Magicbox – Partnerships

Magicbox – Partnerships

Children holding each others arms

UNICEF is looking for partners that would like to join our efforts by sharing their data and expertise, including:

– Real-time data and historical data.
– Expertise and resources to work with UNICEF’s engineers and data science teams to build better ways to use and model data.
– Ongoing support to UNICEF’s programmatic responses: long-term, continuous global support beyond emergencies.

Combining more aggregated data sets and technical know-how from the private sector with UNICEF’s reach, development expertise and mandate will allow us to work better, and faster, for children.

Below are different data types (illustrated through categories) that we are using that provide interesting information. These are not the only possible categories and could change in the future.



Mobility data needed:
  • aggregated data documenting how people move, i.e. the number of people that travel between two different locations (e.g. cell towers, administrative – divisions, cities, airports, shops, ATMs, etc), which is valuable for modeling epidemics, understanding community structure and estimating employment.
  • Mobility data does not track or record individual details, but rather provides statistical information of movement that does not breach privacy regulations.
Mobility can be measured from:


  1. Mobile phone records recorded by the operators
  2. GPS traces from mobile devices
  3. Geolocated messages from social media services
  4. GPS traces from transportation
  5. Geolocated financial transact


Satellite imagery is able to provide mapping at high resolutions (up to 10m) taken with relatively high frequency (updated every few weeks or more). This can be used:

  • to measure attributes of the environment such as urbanization changes or infrastructure (water towers, schools, health centers, etc).
  • to estimate population density, poverty, development index, or mosquito breeding sites, through the use of images (daytime, nighttime, or infrared) and in combination with other data sources.
  • Satellite images being very large in size, require specialist expertise to analyze and interpret. Therefore collaboration in the form of technical support along with the data is preferred.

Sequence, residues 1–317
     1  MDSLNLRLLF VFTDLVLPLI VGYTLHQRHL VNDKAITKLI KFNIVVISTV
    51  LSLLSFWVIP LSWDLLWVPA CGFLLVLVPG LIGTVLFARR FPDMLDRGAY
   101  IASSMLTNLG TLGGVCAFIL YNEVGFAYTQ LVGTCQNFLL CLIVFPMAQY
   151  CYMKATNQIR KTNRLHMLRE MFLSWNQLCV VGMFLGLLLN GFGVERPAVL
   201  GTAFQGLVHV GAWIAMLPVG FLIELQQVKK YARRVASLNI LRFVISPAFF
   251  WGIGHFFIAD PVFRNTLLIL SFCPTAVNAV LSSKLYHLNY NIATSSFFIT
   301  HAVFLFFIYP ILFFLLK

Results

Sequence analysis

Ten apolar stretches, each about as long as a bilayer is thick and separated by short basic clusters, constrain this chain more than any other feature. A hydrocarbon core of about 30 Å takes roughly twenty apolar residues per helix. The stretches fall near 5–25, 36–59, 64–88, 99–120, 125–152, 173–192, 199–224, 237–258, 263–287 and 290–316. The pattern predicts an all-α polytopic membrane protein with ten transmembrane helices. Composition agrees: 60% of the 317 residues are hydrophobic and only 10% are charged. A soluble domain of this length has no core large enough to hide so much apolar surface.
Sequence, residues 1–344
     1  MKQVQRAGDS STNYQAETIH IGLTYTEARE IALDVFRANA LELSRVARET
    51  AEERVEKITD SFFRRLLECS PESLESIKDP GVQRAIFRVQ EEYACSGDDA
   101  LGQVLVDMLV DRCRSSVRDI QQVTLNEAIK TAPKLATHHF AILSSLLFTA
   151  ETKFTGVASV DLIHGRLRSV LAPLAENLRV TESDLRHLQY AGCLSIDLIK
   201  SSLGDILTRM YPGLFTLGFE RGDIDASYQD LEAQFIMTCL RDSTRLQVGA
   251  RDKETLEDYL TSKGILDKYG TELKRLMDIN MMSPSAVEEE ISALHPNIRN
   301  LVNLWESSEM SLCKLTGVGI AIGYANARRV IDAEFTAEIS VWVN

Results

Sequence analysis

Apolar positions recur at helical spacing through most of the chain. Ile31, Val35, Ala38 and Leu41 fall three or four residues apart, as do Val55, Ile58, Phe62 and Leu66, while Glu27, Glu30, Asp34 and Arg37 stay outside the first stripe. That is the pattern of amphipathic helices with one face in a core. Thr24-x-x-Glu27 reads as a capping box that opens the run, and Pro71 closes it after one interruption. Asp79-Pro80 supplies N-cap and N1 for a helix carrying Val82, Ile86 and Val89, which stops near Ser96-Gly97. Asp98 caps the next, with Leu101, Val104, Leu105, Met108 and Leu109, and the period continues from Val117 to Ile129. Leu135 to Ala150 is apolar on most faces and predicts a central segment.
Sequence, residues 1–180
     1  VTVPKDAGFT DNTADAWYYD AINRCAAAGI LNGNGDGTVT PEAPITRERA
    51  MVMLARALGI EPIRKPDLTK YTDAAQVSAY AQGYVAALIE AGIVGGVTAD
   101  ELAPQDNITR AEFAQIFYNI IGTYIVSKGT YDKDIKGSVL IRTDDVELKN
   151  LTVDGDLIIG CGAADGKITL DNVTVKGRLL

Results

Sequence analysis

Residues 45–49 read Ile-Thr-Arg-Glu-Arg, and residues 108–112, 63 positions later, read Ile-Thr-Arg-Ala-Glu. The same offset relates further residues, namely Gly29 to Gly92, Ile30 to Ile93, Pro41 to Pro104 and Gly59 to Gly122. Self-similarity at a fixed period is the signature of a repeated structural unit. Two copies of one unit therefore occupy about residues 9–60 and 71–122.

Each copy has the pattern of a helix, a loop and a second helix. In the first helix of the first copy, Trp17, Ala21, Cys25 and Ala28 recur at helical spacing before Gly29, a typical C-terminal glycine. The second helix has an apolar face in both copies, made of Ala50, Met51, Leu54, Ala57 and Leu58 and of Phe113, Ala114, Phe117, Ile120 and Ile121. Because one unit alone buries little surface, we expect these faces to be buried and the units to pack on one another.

1. Companies and research organisations


  • A population’s spending pattern is valuable information for estimating socio-economic indicators and/or community level resilience after disasters occur: e.g. to proxy food security or understand coping behaviours
  1. Mobile money payments through Telephone operators
  2. Online purchases
  3. Remittances
  4. Insurance


  • Characterising a person’s social network reveals information about their resources and behaviour, which is useful to understand specific situations and needs – e.g. during a crisis. It is sometimes the main tool used by people on the move.
  • The diversity of one’s social network has been found to correlate well with multidimensional poverty and can also measure epidemic risk and impacts of economic shocks.
  • Individual connections are not necessary – simply aggregate measures like the number of connections, or number of connections in a different city, will suffice.
  1. Large social networking sites
  2. Many platforms that offer other services, such as buying/selling or eLearning, incorporate some functionality to interact with other users and to connect to friends
  3. Calling and messaging patterns from telecommunication providers reveal social network structure

Content, goods or Technology Consumption

  • To measure the degree of information that a child accesses, important indicators are required, such as: understanding what information is available and their consumption patterns.
  • This information can also be used to indicate affected populations after exogenous shocks, by analysing the behavioral changes which could contribute to improved planning and optimisation of advocacy and communication campaigns.
  • The consumption, or lack of access to, content, goods and technology can give us indication of vulnerability and resilience of the population
  1. Internet searches and analytics
  2. Communication traffic, e.g. minutes of calls or tower traffic volumes, megabytes of consumption of internet traffic
  3. News and media

Contact us

Products and Partnerships Contact: ewheeler [at] unicef [dot] org